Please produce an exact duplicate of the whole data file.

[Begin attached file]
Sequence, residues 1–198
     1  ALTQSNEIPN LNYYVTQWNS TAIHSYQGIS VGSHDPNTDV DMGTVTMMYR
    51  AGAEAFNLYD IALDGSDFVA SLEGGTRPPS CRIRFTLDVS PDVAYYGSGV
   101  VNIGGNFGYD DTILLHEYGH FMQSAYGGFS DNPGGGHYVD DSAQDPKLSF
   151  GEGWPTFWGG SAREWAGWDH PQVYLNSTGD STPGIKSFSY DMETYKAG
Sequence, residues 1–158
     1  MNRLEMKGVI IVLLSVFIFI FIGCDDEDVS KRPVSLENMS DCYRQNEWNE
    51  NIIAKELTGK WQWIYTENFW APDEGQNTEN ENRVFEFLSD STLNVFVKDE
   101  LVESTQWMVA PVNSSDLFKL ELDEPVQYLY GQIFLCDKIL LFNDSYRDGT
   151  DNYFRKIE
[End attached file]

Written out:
Sequence, residues 1–198
     1  ALTQSNEIPN LNYYVTQWNS TAIHSYQGIS VGSHDPNTDV DMGTVTMMYR
    51  AGAEAFNLYD IALDGSDFVA SLEGGTRPPS CRIRFTLDVS PDVAYYGSGV
   101  VNIGGNFGYD DTILLHEYGH FMQSAYGGFS DNPGGGHYVD DSAQDPKLSF
   151  GEGWPTFWGG SAREWAGWDH PQVYLNSTGD STPGIKSFSY DMETYKAG
Sequence, residues 1–158
     1  MNRLEMKGVI IVLLSVFIFI FIGCDDEDVS KRPVSLENMS DCYRQNEWNE
    51  NIIAKELTGK WQWIYTENFW APDEGQNTEN ENRVFEFLSD STLNVFVKDE
   101  LVESTQWMVA PVNSSDLFKL ELDEPVQYLY GQIFLCDKIL LFNDSYRDGT
   151  DNYFRKIE